Nuzhat al-mushtāq fī ikhtirāq al-āfāq (Entertainment for he who Longs to Travel the World)

The Arab geographer al-Idrīsī, when compiling his geographical compendium Entertainment for he who Longs to Travel the World for Roger II of Sicily in 1154, organized seventy regional maps according to Ptolemy’s seven climes, dividing each clime into ten sections. Some manuscripts of the Entertainment include the circular world map shown here. Oriented, as customary with Islamic maps, with south at the top, it shows Africa extending eastwards so that it covers virtually all of the Southern Hemisphere. A series of red concentric circles marks the seven climes. The eastward curve of Africa, and the source of the Nile in East Africa, are Ptolemaic; but Africa no longer joins up with India, making the Indian Ocean an open sea rather than a gigantic lake, suggesting additional knowledge derived from more recent scholarship.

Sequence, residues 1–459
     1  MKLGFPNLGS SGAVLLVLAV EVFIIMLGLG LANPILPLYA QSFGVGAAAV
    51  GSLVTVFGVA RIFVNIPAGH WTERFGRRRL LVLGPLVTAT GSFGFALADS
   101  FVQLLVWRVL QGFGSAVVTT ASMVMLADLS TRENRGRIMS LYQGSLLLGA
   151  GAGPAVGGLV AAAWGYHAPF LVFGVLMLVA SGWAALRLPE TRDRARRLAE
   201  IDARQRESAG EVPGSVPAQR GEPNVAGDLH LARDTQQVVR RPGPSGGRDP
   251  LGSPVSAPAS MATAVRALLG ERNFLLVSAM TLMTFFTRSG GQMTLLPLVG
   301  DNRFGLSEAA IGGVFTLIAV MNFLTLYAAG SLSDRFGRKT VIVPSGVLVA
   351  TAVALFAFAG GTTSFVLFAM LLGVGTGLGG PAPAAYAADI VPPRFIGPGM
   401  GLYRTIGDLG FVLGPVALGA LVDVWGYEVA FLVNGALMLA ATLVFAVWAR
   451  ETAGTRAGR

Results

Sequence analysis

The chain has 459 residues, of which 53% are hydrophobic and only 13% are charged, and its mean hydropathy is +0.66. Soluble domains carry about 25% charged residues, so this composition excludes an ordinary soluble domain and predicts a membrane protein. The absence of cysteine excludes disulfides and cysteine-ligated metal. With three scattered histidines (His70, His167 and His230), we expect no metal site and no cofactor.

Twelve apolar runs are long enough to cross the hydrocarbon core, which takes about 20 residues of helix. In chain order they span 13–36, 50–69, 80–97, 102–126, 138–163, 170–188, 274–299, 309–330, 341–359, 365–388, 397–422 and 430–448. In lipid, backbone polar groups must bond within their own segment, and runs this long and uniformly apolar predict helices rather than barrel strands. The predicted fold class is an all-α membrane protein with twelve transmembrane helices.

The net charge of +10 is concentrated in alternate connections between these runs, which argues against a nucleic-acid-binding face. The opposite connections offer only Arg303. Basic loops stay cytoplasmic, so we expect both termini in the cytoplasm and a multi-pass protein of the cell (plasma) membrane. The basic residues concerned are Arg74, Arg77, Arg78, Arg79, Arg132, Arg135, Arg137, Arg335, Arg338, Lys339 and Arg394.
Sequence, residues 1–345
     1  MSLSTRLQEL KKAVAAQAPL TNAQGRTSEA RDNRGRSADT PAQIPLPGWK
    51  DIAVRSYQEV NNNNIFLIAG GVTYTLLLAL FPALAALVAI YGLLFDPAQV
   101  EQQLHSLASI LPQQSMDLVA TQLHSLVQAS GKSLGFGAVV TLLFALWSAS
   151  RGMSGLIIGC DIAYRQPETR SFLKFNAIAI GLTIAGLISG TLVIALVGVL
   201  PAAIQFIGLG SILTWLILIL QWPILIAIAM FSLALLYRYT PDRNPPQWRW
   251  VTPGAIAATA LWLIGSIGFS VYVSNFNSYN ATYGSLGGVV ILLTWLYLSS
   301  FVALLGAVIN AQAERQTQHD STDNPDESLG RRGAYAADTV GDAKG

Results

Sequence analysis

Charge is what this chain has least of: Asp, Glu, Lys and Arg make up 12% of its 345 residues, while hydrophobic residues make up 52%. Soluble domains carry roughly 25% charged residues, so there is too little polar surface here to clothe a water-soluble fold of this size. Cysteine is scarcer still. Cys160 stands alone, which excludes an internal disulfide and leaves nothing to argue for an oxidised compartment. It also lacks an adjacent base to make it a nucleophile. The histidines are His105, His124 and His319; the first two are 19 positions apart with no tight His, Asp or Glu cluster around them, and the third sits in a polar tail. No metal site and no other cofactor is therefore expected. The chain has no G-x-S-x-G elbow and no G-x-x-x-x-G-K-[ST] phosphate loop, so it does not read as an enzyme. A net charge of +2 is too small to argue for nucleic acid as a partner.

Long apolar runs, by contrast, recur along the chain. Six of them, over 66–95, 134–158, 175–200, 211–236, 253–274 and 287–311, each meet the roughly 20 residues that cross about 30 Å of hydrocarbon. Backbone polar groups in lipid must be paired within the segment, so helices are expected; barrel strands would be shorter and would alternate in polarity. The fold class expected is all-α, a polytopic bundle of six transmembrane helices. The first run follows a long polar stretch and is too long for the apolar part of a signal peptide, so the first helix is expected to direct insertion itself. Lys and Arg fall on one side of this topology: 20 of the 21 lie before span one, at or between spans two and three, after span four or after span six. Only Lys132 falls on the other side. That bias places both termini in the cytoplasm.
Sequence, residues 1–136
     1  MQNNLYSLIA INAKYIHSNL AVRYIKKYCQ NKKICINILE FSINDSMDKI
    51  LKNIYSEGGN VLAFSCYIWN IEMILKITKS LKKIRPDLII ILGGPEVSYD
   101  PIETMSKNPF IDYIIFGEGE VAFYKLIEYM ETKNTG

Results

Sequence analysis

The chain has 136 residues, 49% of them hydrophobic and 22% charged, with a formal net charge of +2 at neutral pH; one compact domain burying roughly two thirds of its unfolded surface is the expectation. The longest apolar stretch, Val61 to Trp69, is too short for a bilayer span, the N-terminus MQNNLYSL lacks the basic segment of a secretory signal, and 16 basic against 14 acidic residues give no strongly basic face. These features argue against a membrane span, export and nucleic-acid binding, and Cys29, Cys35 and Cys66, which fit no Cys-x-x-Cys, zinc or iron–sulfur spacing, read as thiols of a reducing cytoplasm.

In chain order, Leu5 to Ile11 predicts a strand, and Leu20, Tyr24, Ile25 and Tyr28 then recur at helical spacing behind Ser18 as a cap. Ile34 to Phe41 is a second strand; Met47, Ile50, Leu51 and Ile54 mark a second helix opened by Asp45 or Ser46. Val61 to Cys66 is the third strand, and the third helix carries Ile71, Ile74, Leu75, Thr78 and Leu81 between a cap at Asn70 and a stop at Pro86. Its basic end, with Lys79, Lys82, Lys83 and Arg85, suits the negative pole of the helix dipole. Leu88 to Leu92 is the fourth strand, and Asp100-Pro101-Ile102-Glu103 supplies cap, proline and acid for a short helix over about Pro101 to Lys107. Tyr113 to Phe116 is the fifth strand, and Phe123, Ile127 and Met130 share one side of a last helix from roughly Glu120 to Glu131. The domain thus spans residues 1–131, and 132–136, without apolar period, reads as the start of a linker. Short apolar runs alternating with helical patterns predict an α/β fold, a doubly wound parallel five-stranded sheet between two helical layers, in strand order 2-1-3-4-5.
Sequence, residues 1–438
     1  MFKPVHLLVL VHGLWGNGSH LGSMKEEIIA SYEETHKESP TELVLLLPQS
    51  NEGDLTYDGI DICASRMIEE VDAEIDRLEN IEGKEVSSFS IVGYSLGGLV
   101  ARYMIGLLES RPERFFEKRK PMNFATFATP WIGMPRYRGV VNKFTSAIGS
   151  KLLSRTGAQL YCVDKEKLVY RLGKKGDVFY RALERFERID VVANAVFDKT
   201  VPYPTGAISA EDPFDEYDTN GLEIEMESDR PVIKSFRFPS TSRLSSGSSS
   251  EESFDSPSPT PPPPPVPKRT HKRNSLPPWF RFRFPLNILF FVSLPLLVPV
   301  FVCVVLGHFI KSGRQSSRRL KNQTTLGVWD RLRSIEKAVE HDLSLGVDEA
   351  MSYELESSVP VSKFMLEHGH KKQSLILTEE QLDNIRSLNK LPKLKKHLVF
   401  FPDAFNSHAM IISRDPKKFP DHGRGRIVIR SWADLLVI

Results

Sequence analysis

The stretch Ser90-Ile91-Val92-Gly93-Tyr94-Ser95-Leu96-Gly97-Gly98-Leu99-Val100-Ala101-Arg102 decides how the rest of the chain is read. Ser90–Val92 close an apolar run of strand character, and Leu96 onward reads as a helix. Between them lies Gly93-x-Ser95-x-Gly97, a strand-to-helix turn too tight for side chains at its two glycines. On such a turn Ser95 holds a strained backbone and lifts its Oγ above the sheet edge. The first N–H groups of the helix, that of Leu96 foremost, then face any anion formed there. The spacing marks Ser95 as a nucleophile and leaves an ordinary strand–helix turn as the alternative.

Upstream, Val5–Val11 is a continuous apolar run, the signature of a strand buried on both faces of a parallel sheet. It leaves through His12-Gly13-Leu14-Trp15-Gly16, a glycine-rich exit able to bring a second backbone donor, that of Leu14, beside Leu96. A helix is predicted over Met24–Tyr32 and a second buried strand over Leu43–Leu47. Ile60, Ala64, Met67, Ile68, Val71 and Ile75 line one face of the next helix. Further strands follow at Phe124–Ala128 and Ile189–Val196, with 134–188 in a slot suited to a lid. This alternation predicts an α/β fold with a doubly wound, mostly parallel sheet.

In the hand of ʿAlī ibn Hasan al-Hūnī al-Qāʾimī (?)

Seventy maps (one folding, currently detached)

In Arabic; 325 leaves, 300 x 218 mm

Contemporary Ottoman blind-stamped corner and centrepiece binding: brown goatskin with replacement fore edge flap for the Bodleian, nineteenth century